Ahlem Memorial A Place that Points Beyond the Passage of Time

Ahlem Memorial
Ahlem Memorial | Photo: Roland Halbe

In July 2014 the Ahlem Memorial was opened with a new design. It is a place with a special and eventful history. Originally, a horticulture school founded in 1893 for Jewish boys and girls in vocational training was located here. In the 1940’s the Geheime Staatspolizei (Gestapo) ran the deportation of Hannover’s Jewish population and established a police replacement prison here.

At the end of the 19th century, not far from the prosperous industries in the west of Hanover, Alexander Moritz Simon, a Hanover banker, established an educational institution that was unique nationwide at the time: the Israelitische Erziehungsanstalt zu Ahlem, renamed the Israelitische Gartenbauschule Ahlem in 1919. Organised into a primary school, apprenticeship training facility and a girls’ school for domestic management, children and adolescents here learned all the basics of the gardening, skilled crafts and agricultural occupations that until then had been closed to the Jewish population.

New perspectives

The Gartenbauschule in Ahlem opened up new perspectives for Jewish adolescents and young adults from all parts of Europe. Here they could train as gardeners, plant breeders, farmers, garden architects, landscape planners, teachers, skilled craftsmen and housekeepers. After Simon’s death, two additional agricultural training and boarding schools arose in Steinhorst und Peine, financed by the Alexander and Fanny Simon Foundation and built by architect Heinrich Tessenow.

Ahlem Memorial Ahlem Memorial | Photo: Roland Halbe The reports and testimonials of the former Ahlem residents whose lives took them to all corners of the globe – to Palestine with the kibbutz movement, to England or the USA and South America – are today a part of the exhibition in the memorial. They are made visible today in the form of biographical stations. In contrast, the further history of the Gartenbauschule leads far afield from the reform-oriented ideals of the early 20th century into the period of the National Socialist dictatorship. After 1933, the Gartenbauschule was tolerated only because it served preparations for emigration. It was finally closed in 1942.

The Gestapo had confiscated the entire school grounds starting in 1941 and set up a collection point for the deportation of the Jewish population even while the school was still running. Jewish forced labourers from so called mixed marriages were housed on the grounds. A police replacement prison was set up in 1944 for the Gestapo. Political prisoners, forced labourers from nearby camps of the Maschinenfabrik Niedersachsen Hannover and a subcamp of the concentration camp Neuengamme as well as Sinti and Roma were interrogated, tortured and murdered here. Liberation and release came for the few survivors by the 84th Division of the US Army on 10 April, 1945.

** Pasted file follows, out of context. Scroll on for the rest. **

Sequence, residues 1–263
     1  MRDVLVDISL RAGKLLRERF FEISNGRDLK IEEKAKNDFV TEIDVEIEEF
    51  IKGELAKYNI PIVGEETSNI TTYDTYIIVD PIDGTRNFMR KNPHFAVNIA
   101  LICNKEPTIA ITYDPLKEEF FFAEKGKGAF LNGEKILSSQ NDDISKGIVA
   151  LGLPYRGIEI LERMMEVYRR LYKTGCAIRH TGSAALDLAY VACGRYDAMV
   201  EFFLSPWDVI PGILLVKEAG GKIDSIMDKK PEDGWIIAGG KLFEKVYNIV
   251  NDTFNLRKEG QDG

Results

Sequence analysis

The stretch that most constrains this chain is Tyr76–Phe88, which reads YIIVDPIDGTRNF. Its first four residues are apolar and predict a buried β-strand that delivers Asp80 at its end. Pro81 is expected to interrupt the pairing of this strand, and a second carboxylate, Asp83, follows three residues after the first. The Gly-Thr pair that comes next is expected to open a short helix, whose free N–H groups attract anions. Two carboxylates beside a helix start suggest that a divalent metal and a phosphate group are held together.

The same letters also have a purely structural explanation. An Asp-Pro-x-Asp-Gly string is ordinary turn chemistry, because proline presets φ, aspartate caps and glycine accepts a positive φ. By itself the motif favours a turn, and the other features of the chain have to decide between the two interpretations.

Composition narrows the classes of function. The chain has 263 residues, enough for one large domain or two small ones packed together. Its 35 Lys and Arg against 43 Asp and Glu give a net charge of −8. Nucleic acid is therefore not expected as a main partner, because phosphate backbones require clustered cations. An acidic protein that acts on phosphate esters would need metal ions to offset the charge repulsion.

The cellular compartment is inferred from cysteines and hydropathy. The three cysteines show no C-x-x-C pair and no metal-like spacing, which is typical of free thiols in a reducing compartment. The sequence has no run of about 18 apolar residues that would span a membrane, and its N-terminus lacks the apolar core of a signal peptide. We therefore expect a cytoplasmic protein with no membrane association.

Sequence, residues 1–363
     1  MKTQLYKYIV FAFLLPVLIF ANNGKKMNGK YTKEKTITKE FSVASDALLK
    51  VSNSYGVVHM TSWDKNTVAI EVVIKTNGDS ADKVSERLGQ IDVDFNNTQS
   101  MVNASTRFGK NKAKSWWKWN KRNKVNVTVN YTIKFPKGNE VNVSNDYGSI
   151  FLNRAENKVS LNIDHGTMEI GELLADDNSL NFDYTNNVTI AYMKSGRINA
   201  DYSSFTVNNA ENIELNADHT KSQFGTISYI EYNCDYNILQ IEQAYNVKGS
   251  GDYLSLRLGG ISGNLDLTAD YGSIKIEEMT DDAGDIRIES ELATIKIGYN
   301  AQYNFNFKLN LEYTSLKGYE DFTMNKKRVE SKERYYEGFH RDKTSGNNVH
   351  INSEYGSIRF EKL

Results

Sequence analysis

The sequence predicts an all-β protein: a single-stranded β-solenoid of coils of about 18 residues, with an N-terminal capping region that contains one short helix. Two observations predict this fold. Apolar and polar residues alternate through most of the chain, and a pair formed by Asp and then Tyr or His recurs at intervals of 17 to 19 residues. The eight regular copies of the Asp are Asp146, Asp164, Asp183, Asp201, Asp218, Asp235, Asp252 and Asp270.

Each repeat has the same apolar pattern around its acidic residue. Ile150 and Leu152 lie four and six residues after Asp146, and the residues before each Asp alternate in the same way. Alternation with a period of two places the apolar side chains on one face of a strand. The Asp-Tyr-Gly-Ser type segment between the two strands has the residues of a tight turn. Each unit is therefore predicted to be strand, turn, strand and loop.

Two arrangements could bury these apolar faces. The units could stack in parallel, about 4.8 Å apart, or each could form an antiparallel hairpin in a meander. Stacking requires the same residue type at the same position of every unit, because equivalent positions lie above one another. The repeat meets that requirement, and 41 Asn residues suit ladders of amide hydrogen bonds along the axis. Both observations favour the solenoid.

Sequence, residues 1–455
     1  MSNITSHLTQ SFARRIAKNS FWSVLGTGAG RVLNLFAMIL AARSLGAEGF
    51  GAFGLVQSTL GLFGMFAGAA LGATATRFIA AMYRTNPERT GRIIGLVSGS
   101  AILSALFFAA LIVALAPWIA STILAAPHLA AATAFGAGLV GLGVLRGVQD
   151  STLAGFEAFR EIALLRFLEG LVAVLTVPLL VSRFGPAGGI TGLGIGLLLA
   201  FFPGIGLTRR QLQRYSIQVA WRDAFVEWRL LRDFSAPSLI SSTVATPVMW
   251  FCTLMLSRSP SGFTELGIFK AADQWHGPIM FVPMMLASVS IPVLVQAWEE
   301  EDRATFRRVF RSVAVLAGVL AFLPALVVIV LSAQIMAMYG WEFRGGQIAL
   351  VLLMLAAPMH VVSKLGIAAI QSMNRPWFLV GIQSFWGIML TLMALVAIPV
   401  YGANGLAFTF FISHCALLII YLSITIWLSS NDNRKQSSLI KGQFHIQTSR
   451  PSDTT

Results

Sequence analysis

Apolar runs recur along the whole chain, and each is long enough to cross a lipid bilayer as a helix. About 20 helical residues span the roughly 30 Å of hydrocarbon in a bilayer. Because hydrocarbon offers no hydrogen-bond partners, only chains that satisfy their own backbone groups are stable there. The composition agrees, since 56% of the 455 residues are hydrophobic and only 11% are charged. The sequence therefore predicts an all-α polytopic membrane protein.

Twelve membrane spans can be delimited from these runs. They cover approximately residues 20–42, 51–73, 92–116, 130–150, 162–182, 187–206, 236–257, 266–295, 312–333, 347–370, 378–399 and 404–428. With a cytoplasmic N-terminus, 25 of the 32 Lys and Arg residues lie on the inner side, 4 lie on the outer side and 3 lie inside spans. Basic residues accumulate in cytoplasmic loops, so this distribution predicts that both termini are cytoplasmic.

A powerfully expressive facility

Ahlem Memorial Ahlem Memorial | Photo: Roland Halbe Since 1987, the former Director’s House of the Israelitische Gartenbauschule has been a place of remembrance for the people who were compelled to experience Ahlem as a station on the way to their deaths. With an architectural and design competition announced in 2011, the Hanover Region opened up an opportunity to recast the memorial’s conception both spatially and in terms of content. The Hanover firm Ahrens Grabenhorst Architekten BDA was nominated for the 1st Prize together with landscape architects Chora blau and the firm Ikon Ausstellungen. Their joint project, completed in the summer of 2014, is a powerfully expressive facility that masterfully renews the character of the memorial with its monumentality of content and form with design tools that make this place of remembrance come alive. A pioneering step here was the increased integration of the memorial into external, urban-planning and landscape contexts, thereby lastingly engraving it in space and time.

A generous openness

Ahlem Memorial Ahlem Memorial | Photo: Roland Halbe The connection with the street and the neighbourhood is made by a powerfully minimalist new building of glass and concrete placed in front of the former Director’s House with the permanent exhibition. Its wide, projecting roof, seemingly easily borne by seven filigree, glass-encased supports, receives the visitor with a generous openness. Under the shelter of the wide exposed-concrete roof, one’s gaze wanders into the open-air grounds of the former school garden with its herb, fruit and flower beds, old trees, hedges of privet, mahonia and box. Both in the new construction and the second storey of the old building, ahrens & grabenhorst architekten repeatedly reference the outdoor area with floor-to-ceiling panorama windows.

Traces of the past

Ahlem Memorial Ahlem Memorial | Photo: Roland Halbe In the Director’s House, the interiors and fragile traces of the past are freed from their rigidity with sensitivity and precision. Today, the entire building is available for the new permanent exhibition. Media and learning spaces in the ground and top storeys as well as a lecture hall under the new building supplement the exhibition cabinets. With the overall architectural design, concepts such as Erinnern gegen das Vergessen (i.e. remembrance against forgetting) and Autonomie des historischen Raumes (i.e. autonomy of historic space) are redefined as gestures of reconciliation and communication, oriented towards life and the future. Today, Ahlem is once again a place that points beyond the passage of time.